Painter Ryan Desmond takes photos. His mind takes it from there.

Ryan Desmond, with "Shawn." - STEPHEN SCHLANGE
Stephen Schlange
Ryan Desmond, with "Shawn."

As the eye works its way across a Ryan Desmond painting, it notices a certain careful fidelity to real life. He employs intricate brushwork to a painting of his father squinting introspectively. A similarly painstaking process went into rendering a scene of his friend Garret putting an entire slice of pizza in his mouth.

Initially caught on camera, Desmond translates the vulnerability of these “off moments” faithfully to canvas. But sometimes Desmond’s translations themselves become off moments.

That’s when things get interesting. Desmond has been a part of six shows in the last three months and was one of the more interesting artists to show at Terrain 2010. (Full disclosure: I helped organize that event.) He’s been establishing himself as a catalyst in the scene as well, planning two underground exhibitions last year.

For this month’s solo show at the Baby Bar, Desmond planned a series of paintings that meditated on the desolation — natural and man-made — of our area. There was to be a sweeping aerial landscape of the scablands, a painting of the propane tank behind Ming Wah and another of a freeway merger sign.

But a funny thing happened on the way to thematic uniformity. “I was painting with a mean headache,” Desmond says. And by “headache,” he means hangover. “Just a wicked migraine,” he reiterates. “Painted through it.”

Which doesn’t mean he stuck to the vision. He did the opposite, following the pain where it took him. The street sign became a two-tone painting of his friend Shawn based on a picture Desmond had “from when we were shooting guns.” The photo “kinda looked like a headache.”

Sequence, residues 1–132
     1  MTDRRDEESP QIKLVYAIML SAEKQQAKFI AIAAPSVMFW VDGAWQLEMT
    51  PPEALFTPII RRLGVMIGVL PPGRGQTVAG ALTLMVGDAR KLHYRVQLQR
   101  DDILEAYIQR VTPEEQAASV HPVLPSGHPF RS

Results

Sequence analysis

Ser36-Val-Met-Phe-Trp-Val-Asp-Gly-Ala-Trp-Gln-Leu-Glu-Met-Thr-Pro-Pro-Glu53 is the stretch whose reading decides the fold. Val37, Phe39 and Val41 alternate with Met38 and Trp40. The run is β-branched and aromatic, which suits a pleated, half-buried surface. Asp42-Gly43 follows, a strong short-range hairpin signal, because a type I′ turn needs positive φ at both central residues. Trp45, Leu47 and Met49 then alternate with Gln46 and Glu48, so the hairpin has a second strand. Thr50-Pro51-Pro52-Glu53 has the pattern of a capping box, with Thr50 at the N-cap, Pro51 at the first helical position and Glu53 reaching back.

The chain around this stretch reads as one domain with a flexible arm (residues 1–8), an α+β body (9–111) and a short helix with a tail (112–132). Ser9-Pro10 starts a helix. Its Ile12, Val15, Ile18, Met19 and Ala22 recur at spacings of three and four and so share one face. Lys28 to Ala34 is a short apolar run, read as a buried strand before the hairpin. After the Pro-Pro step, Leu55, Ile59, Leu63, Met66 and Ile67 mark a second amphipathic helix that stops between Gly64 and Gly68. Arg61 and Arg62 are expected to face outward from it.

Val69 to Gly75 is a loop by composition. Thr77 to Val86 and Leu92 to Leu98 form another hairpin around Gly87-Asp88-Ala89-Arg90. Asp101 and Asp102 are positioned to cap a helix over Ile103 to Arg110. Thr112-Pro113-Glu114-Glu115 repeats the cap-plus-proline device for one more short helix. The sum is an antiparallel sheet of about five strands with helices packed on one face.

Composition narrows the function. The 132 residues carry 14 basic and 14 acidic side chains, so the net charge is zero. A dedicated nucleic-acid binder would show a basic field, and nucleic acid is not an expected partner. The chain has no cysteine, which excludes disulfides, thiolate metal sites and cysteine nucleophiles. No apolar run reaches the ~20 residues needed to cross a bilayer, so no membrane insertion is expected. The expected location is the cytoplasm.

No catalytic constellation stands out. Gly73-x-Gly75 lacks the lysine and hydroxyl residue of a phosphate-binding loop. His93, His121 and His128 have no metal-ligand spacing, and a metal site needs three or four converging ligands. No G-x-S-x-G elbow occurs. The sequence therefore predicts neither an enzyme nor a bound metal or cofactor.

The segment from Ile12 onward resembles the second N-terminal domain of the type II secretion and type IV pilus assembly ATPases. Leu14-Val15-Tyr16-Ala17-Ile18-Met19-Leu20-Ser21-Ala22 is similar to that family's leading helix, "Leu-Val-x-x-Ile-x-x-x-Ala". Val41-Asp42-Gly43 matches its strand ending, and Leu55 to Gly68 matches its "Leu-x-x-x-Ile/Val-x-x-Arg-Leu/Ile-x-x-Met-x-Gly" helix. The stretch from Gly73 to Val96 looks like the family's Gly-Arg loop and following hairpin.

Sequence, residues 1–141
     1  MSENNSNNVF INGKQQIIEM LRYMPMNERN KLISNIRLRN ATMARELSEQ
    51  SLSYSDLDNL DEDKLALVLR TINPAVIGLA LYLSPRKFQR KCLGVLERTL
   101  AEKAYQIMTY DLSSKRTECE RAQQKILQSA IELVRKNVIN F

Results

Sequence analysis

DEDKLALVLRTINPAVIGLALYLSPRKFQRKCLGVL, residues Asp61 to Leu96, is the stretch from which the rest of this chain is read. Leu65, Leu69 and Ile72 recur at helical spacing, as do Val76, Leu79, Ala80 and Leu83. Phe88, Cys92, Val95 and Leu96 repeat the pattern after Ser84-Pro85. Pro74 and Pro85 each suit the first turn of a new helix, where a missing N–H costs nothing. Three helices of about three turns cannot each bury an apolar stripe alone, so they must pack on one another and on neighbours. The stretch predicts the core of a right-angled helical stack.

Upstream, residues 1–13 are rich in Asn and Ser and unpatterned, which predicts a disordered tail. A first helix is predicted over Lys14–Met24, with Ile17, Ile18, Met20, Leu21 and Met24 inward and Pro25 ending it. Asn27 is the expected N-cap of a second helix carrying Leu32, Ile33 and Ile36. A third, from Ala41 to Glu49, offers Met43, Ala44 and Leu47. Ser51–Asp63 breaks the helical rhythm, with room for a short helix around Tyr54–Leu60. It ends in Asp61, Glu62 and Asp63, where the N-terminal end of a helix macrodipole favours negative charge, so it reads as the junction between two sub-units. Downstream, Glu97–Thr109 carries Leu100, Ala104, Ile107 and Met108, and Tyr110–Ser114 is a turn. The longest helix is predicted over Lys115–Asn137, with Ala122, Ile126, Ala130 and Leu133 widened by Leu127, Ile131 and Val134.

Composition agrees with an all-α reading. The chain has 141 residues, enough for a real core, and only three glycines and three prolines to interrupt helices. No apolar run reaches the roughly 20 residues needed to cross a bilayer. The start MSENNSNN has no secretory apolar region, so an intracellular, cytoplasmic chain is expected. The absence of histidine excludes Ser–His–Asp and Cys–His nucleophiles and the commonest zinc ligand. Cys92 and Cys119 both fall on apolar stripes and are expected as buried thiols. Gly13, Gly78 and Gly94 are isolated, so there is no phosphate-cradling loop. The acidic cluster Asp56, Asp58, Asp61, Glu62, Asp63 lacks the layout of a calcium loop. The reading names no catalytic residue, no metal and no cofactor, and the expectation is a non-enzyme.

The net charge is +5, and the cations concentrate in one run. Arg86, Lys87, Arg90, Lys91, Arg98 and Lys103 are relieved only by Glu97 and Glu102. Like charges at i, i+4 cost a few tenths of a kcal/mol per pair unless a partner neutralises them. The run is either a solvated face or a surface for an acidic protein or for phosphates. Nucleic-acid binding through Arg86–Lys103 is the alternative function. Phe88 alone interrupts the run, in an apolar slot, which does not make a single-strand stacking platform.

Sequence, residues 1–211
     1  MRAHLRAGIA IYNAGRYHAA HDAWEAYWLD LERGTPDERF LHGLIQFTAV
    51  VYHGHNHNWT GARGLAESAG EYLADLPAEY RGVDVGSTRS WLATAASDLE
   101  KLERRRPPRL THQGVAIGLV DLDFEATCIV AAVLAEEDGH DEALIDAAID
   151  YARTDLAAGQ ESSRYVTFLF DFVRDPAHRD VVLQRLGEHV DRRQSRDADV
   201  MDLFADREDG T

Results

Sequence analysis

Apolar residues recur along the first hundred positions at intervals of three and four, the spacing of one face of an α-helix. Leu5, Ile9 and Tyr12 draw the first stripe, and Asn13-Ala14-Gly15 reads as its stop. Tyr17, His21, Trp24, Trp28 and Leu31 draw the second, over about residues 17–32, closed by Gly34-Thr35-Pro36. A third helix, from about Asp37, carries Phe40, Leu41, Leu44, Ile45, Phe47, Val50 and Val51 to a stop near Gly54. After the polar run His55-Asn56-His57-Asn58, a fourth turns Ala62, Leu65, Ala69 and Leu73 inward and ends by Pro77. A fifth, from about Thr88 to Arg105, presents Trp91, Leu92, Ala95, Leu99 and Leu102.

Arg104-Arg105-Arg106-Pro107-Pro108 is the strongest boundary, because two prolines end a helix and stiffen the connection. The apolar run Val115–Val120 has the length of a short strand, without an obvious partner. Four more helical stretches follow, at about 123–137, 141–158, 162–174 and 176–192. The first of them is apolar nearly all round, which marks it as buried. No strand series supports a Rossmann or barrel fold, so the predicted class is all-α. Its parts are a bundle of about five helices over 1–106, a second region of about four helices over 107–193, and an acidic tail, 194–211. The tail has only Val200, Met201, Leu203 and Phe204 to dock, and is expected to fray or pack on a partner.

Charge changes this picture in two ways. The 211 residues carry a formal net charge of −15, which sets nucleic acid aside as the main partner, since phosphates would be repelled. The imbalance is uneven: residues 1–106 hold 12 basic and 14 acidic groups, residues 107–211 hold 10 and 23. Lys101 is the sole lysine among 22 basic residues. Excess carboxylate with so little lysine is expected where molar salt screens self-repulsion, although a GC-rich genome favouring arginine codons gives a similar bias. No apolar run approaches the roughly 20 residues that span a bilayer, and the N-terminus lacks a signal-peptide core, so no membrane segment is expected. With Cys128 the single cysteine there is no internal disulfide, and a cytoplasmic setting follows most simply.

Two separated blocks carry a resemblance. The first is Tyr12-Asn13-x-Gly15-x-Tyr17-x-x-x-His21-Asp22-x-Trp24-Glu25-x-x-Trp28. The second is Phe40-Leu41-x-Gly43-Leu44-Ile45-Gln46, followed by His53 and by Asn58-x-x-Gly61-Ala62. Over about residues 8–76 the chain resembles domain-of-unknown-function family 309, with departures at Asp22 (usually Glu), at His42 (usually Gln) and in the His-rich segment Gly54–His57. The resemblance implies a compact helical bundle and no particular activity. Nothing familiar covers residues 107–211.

The scabland landscape became a flat mural of whole vegetables and fish, because his head felt like an onion.

The propane tank was left closest to the original intent, but as he was the pill-shaped curve of the tank, it suddenly looked to him like a pain reliever. He painted “I 2,” the symbol for 200mg of ibuprofen, on the side.

Each painting was different than planned, and simpler. The entire cycle became about “stripping as much extraneous bullshit as I could from the canvas.”

Turning down the visual noise to stave off an artistic hangover.

Desmond's strongest work resides just there, at the point of tension between an objective experience — propane tank — and our individual perceptions of it — propane tank during hangover looks like headache medicine.

The photo itself is still important, Desmond says, even if it gets altered. “I like the unexpected depth of realism,” Desmond says. “Those are the goodies of real life.”

He takes pictures looking for nuances that get lost in the act of remembering. Photos are blind, though, to the filter of the mind and the additives of the imagination, so Desmond plays with them.

Minute by minute, our brains take sensory data of the world and bend it through prisms of experience, circumstance, worldview — headaches, whatever — turning reality as it exists in the world into reality as we see it.

Ryan Desmond’s work to date is a showcase of that daring second kind of realism. Stripped of, or perhaps fighting against, self-consciousness, his work depicts not a realism devoid of personal bias, but a realism gloriously Technicolored by it.

Ryan Desmond at the Baby Bar • 827 W. First Ave. • Mon-Fri 5 pm-2 am, Sat 6 pm-2 am, Sun 8 pm-2 am • 847-1234

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About The Author

Luke Baumgarten

Luke Baumgarten is commentary contributor and former culture editor of the Inlander. He is a creative strategist at Seven2 and co-founder of Terrain.